With this newfound confidence in language, I’ve noticed that my confidence in everything in my life has boosted. When having to communicate in a second language with people you don’t know, I feel like you really have to put yourself out there and really embrace all your failures and mistakes. At the beginning of the semester and even back at Puget Sound, I would consider myself an outgoing person but I wouldn’t necessarily be extremely talkative around someone I didn’t know very well. For example, at a party or an event where social mixing is expected, I wouldn’t go up to random group of people and introduce myself and attempt to make friends and interact. This Saturday though, I went to birthday party of one of the girls on my soccer team and I didn’t really know anyone. Yes, there were a few other girls from my team there, but for the first hour or so it was all people I didn’t know. Usually, I wouldn’t even go to one of these parties alone, and second of all I wouldn’t take the initiative to talk to people I didn’t know, especially when they all knew each other already. However, I took no hesitation to introduce myself to almost everyone at the party and converse with several different groups of people. It ended up being one of the best and most memorable nights I have had in Chile. It was a night where I really saw how much I have grown in my time here and was able to reflect on some of the great friends I have made here as well.
As my classes begin to come to an end and my program winds down, all my friends are getting ready to enjoy their last couple of weeks in Chile and then head home to the States. However, earlier in the semester, I decided that I wanted to really take advantage of my time here and thus, I have decided to stay in Chile for an extra month after my program ends, hoping to get a volunteering job in a health center or hospital to learn more about the treatment of patients here. Over the past couple of weeks, I have been emailing different organizations and hospitals furiously to see how and what I could do during my month here. While I haven’t found anything concrete yet, I’m hopeful that something amazing will come and that this month will allow me to grow and learn even more.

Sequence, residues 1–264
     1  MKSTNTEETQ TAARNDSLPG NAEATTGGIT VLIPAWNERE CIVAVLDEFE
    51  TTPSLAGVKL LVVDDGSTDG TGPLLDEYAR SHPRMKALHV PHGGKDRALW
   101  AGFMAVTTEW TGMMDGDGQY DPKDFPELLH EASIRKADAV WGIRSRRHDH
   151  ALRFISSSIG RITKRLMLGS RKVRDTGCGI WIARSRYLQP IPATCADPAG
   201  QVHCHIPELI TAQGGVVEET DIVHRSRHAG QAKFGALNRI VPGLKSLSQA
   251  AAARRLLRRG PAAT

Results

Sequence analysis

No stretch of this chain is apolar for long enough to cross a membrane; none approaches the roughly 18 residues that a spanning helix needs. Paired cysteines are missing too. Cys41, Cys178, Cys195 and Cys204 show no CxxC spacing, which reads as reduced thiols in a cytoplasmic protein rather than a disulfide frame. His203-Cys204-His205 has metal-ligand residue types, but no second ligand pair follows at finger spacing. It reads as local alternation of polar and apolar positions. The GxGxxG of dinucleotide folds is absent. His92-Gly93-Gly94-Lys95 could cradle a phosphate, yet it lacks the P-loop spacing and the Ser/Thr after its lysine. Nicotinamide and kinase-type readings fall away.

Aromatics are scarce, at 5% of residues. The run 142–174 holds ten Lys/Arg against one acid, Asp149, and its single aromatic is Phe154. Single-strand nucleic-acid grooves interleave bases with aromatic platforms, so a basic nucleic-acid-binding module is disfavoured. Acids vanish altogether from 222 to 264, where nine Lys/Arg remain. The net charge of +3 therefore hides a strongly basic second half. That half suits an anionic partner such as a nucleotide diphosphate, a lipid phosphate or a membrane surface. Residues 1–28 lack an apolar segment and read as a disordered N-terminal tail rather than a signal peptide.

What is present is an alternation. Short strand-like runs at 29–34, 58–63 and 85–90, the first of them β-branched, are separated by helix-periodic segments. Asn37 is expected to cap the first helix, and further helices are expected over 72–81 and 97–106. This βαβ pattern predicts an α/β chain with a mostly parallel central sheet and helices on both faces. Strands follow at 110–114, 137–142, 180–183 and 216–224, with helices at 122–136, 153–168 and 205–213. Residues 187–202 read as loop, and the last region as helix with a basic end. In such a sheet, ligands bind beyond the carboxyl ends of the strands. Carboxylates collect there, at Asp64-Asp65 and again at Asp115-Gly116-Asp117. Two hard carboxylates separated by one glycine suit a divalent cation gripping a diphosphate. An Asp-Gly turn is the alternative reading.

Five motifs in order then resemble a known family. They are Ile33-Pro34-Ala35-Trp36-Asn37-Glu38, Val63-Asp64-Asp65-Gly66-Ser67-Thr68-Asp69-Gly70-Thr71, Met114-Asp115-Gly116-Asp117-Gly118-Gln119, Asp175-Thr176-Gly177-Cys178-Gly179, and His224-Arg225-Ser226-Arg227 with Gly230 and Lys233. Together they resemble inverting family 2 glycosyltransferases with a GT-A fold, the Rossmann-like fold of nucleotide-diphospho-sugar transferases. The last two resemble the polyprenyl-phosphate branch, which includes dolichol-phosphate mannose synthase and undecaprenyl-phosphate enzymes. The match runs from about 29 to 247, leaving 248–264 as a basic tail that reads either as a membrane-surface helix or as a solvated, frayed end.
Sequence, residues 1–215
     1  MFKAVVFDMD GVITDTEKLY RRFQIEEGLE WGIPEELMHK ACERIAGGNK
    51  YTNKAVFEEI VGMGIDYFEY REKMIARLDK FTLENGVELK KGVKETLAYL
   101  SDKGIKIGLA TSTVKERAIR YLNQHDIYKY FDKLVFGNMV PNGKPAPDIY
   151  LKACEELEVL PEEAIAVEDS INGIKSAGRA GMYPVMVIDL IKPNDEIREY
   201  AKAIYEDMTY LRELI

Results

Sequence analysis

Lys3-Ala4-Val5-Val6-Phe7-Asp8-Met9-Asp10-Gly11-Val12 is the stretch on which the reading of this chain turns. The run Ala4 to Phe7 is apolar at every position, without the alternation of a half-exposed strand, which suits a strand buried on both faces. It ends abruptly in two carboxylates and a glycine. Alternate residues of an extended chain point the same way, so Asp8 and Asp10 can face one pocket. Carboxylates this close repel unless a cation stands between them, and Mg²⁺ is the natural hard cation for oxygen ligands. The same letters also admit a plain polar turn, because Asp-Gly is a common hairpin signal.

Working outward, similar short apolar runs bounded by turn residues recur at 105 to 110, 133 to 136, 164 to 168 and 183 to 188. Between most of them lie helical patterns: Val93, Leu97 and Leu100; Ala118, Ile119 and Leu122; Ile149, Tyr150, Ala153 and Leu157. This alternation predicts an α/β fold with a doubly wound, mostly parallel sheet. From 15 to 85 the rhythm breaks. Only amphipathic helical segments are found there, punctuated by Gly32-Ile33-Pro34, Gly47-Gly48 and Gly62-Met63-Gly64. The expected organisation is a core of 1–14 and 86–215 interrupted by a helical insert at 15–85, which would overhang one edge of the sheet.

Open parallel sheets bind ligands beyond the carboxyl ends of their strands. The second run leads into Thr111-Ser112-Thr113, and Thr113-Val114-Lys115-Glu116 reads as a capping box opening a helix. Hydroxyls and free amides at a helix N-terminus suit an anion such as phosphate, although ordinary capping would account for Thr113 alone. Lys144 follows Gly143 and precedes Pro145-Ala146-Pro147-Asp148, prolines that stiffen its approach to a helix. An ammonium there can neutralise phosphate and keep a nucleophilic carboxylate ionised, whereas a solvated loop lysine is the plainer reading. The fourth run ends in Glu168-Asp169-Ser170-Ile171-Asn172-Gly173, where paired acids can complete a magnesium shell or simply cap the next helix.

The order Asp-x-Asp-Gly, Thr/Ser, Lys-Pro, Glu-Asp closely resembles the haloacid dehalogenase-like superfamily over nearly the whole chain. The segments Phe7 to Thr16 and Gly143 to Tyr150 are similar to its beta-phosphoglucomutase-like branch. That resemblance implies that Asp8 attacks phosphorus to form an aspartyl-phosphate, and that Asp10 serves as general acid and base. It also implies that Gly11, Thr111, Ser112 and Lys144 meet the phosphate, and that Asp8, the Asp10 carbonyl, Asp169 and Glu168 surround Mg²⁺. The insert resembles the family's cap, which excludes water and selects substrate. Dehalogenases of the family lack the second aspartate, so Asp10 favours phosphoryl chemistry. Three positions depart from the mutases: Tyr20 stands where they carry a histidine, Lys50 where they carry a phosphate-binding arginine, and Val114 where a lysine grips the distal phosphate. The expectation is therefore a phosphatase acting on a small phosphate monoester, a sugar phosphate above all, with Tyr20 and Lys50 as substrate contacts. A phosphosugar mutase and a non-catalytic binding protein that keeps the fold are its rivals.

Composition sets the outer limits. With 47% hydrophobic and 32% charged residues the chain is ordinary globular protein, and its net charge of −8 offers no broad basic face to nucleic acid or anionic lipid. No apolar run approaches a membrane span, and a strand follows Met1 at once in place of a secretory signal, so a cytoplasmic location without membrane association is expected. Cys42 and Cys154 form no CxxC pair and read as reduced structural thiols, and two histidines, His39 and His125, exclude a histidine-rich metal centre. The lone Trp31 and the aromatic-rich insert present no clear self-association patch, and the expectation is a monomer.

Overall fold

The transition from classes to working will be interesting one. I will be moving out of my host family’s house in about 2 and half weeks, which I am absolutely not excited for. While I will be moving into the house of one the girls on my soccer team, which I think will be a very fun experience, I’ve become very close to my family here and I’m very sad to have to leave them. I’m sure that we will still get together during my time here, but it will be a change to not see them every day. Also as all my friends from my program leave to go back to the States, I feel like I will lose a little of the support system that I have built while I’ve been down here. As they leave, I’m hoping that I will be able to weave myself even more into the Chilean culture, as I won’t have my fellow gringos to remind me of my American culture constantly. This month will bring a lot of new challenges, but I’m ready to face them with my new confidence, not only in the language, but in myself as well.

Watching one of the soccer games with my Chilean friends, Caro and Jenny.  Through these friends, I've learned a lot about myself and gained the confidence to converse in a second language and be more open in social situations.

Watching one of the soccer games with my Chilean friends, Caro and Jenny. Through these friends, I’ve learned a lot about myself and gained the confidence to converse in a second language and be more open in social situations.